Breaking Down Social Media’s Contribution to Body Dysmorphia
July 21, 2023
Jade Kerr

While one continues their unending vertical social media scroll, they internalize a significant amount of visuals consciously or unconsciously. Questioning one’s appearance in the mirror then correlates directly to the beauty standards set by the bodies represented through this visual media. It leads to an indirect exclusion of certain body types that are actively made invisible on these media platforms. The impact of this exclusion is much more significant than an increase in aesthetic appeal for a particular category whose concept of beauty aligns with on-screen depictions.

Teenagers and vulnerable groups that spend a significant portion of their time on social media grow to treat the disconnect between the perfect edited visual body and their growing human body with great harshness. Increasing pressure to conform to an optical body that is unreal and curated with shape-toning filters instills insecurities that can worsen and eventually cause depression and Body Dysmorphia. Body dysmorphic behavior involves obsessing over one’s perception of their physical flaws and extreme dissatisfaction with their body image upon the realization that it looks very different from what one sees around them.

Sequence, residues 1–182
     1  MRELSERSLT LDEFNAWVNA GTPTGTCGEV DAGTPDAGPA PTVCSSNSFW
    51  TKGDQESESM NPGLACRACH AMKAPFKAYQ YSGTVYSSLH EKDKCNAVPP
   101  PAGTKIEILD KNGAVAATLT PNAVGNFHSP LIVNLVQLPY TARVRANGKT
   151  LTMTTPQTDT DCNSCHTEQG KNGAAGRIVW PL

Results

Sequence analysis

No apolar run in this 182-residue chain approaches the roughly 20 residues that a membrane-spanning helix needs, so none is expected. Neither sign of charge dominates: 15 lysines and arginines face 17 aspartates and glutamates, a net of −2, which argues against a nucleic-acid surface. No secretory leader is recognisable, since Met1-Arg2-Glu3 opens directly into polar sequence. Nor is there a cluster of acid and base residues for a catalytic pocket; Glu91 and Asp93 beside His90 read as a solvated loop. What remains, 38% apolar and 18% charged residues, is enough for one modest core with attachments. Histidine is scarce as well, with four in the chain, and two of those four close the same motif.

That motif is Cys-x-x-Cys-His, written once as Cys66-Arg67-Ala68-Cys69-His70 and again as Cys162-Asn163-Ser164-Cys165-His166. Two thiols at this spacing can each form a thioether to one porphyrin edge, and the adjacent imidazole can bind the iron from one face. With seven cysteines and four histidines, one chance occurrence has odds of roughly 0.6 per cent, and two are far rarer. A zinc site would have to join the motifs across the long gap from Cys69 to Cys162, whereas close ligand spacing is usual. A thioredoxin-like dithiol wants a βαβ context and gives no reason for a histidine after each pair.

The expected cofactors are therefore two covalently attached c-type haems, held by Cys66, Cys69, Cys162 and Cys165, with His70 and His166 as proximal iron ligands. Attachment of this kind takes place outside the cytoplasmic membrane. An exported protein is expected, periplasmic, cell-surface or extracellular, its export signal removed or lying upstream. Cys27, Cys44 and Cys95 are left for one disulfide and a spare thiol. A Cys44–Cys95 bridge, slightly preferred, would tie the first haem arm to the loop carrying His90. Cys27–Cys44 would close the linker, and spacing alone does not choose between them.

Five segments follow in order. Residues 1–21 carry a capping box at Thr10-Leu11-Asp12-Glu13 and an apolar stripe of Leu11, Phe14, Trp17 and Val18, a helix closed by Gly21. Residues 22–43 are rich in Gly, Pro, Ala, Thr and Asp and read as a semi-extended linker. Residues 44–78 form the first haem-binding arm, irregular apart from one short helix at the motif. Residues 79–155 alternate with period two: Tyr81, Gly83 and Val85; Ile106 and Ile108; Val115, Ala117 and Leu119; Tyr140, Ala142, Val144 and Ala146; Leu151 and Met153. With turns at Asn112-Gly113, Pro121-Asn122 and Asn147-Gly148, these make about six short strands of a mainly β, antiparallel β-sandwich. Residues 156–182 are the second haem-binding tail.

Getty Images/ Moment/ Carol Yepes

The way out of such obsessive thoughts goes beyond just distancing oneself from the digital world. It lies in understanding the tricks of the propaganda machine that capitalizes on the insecurities of vulnerable groups to then sell their products as the ultimate relief to their flawed human self. On a structural level, with influencer culture on the rise, social media platforms should strengthen their ethical community guidelines that provide a more inclusive space for diverse body types. For example, algorithms should be developed with sensitivities that effectively deal with hate speech for plus-size influencers and give marginalized sexual minorities the freedom to express themselves authentically. Only then can the mass portrayal of the highly chiseled hairless face and the body representing everybody as the same be countered.

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